AUSTIN, Texas — Hoping to make it harder to overturn abortion restrictions, Texas Attorney General Ken Paxton has asked the U.S. Supreme Court to block abortion clinics and doctors from challenging state laws on behalf of their patients.
Such legal challenges have successfully overturned a number of restrictions, including a 2013 Texas law that would have left fewer than 10 clinics open in the state, and Paxton believes the situation gives abortion-rights advocates an unfair and unjustified advantage in the legal arena.
"Courts should no longer give abortion providers a free pass," Paxton told the Supreme Court in a recently filed brief.
Abortion-rights advocates say Paxton's position is an unreasonable and cruel attempt to avoid judicial review of abortion regulations.
"Somebody who's seeking an abortion, the last thing on their mind is initiating a lawsuit. They're interested in accessing care," said T.J. Tu, senior counsel for U.S. litigation at the Center for Reproductive Rights, which regularly challenges the constitutionality of abortion restrictions.
"Patients don't have the time, energy or resources to do it," Tu said. "For the law to expect that those women should take their attention off of where it should be ... and go into court and file a lawsuit against a senseless abortion restriction, that's just totally unreasonable."
Louisiana follows Texas
Paxton's push to stop abortion clinics from suing on behalf of patients arose as a side issue to a legal fight over a Louisiana law that opponents say could leave only one clinic open in the state east of Texas.
Three clinics and two abortion doctors sued to block the Louisiana law after its passage in 2014, arguing that the inability to gain admitting privileges would leave only one doctor, in one clinic, available to provide abortions to roughly 10,000 Louisiana women who seek the procedure each year.
A federal judge backed the abortion providers in an April 2017 order that tossed out the law as an unconstitutional burden on access to abortion because most doctors could not get admitting privileges through no fault of their own.
Although Louisiana officials argued that having to obtain admitting privileges would give hospitals a meaningful check on abortion doctors' abilities, U.S. District Judge John deGravelles said physicians were denied privileges for reasons unrelated to their competency, such as objections to their abortion practice or requirements that they live within a certain distance from the hospital.
The judge also said the admitting privileges requirement did nothing to improve the health and safety of women, who would receive prompt emergency room care regardless of their abortion doctor's status.
In his ruling, deGravelles cited a 2016 Supreme Court decision that struck down the Texas admitting privileges law, which had been challenged by Whole Woman's Health, an abortion provider with clinics in three Texas cities, including Austin. That Supreme Court decision set a new legal standard requiring courts to weigh the benefits of an abortion restriction against the burden it causes.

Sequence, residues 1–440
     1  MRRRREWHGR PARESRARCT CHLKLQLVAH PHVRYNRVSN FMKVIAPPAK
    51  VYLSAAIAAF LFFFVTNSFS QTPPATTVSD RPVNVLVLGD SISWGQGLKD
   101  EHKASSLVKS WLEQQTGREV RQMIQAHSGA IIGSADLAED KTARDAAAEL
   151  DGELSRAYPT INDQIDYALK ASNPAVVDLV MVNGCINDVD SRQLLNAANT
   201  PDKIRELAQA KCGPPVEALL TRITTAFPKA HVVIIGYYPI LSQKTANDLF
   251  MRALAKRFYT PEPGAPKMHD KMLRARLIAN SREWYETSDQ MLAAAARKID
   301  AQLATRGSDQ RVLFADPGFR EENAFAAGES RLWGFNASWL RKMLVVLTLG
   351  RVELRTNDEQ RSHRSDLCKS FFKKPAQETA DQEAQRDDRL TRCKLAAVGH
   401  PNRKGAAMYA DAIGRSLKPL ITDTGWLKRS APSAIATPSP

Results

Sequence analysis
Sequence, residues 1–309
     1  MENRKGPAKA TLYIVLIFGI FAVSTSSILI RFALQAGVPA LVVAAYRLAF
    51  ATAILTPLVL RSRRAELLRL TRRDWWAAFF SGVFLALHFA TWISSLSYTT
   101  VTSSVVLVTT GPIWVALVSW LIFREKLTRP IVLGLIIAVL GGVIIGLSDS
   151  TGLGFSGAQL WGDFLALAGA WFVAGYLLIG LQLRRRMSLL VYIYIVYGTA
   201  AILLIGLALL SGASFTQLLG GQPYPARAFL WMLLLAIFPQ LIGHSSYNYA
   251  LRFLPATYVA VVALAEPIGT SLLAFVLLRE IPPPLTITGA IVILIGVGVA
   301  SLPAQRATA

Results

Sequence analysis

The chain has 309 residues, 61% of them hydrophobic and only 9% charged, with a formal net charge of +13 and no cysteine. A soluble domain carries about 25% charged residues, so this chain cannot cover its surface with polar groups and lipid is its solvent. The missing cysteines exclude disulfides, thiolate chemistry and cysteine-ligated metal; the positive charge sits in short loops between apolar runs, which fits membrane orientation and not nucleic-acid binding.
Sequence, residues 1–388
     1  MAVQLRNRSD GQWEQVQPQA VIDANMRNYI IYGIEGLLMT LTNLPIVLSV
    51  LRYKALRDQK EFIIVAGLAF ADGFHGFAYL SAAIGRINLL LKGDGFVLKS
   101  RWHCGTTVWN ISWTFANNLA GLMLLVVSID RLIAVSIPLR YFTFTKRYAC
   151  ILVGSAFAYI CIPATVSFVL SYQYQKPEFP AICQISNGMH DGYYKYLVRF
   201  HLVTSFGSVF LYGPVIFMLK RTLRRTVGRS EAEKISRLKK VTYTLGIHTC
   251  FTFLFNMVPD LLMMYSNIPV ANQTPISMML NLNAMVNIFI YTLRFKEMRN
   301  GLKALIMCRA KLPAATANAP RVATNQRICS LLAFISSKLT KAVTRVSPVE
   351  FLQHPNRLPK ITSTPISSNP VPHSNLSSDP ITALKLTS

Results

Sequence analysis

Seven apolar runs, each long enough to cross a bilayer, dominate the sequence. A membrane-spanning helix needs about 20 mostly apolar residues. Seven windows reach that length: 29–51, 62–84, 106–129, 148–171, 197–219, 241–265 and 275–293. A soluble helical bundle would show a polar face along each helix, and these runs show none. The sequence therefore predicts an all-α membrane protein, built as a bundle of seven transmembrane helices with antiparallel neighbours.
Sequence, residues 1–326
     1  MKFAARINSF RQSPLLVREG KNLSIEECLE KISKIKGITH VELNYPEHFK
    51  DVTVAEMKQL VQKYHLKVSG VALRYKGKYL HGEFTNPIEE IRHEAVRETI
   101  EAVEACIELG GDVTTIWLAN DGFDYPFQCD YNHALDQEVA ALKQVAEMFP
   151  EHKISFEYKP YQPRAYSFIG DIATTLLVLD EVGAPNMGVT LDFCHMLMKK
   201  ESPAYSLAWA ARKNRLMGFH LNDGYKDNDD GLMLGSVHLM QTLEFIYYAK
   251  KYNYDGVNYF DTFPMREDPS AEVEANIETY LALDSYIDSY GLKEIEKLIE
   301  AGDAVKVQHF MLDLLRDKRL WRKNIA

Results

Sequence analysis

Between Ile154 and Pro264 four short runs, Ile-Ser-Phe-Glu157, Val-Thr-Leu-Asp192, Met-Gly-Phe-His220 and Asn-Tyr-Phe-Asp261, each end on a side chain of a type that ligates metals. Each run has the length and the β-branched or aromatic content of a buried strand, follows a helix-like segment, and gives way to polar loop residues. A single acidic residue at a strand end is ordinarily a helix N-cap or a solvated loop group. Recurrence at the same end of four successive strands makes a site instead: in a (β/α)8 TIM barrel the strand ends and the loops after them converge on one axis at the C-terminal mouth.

After Louisiana appealed, however, the 5th U.S. Circuit Court of Appeals sided with the state in a 2-1 ruling that upheld the admitting privileges law, saying it would not burden a substantial number of Louisiana women and disputing assertions that only one clinic would be left open.
At the Supreme Court
Abortion providers turned to the Supreme Court, winning a 5-4 ruling in February that blocked the law from taking effect while the court decides whether to review the 5th Circuit Court's decision. That decision has not yet been made.
In the meantime, Louisiana filed a cross-appeal in May arguing that the admitting privileges fight offers "an excellent vehicle" to reconsider, and overturn, precedent giving abortion providers standing to sue on patients' behalf.
That sounded like an excellent idea to Paxton, a conservative Republican who adamantly opposes abortion.
Paxton co-authored a friend-of-the-court brief with Indiana Attorney General Curtis Hill Jr. that was joined by attorneys general from 10 other states.
Filed June 24, the brief argues that to have standing to sue on behalf of someone else, third parties must prove to a judge that there is a close relationship with an affected person whose ability to sue is hindered in some way.
Abortion providers, the Paxton brief argued, do not have a close relationship with potential patients and should not be able to challenge regulations intended to protect their health and well-being.
"The business interests of the doctors and clinics clearly conflict with the women's interests," the brief said.
Tu, the lead lawyer on the Louisiana appeal for the Center for Reproductive Rights, told the court that there is no evidence that requiring admitting privileges would improve the safety of any patient.
In addition, Tu said in an interview, Paxton's position ignores almost five decades of rulings acknowledging that abortion providers have a sufficiently close relationship with patients to file lawsuits to protect their rights and that it is "common sense that women face hindrances to asserting those rights" in court.
“The court has, in all of its landmark abortion cases, resolved claims that were brought not by patients but by doctors and physicians,” he said.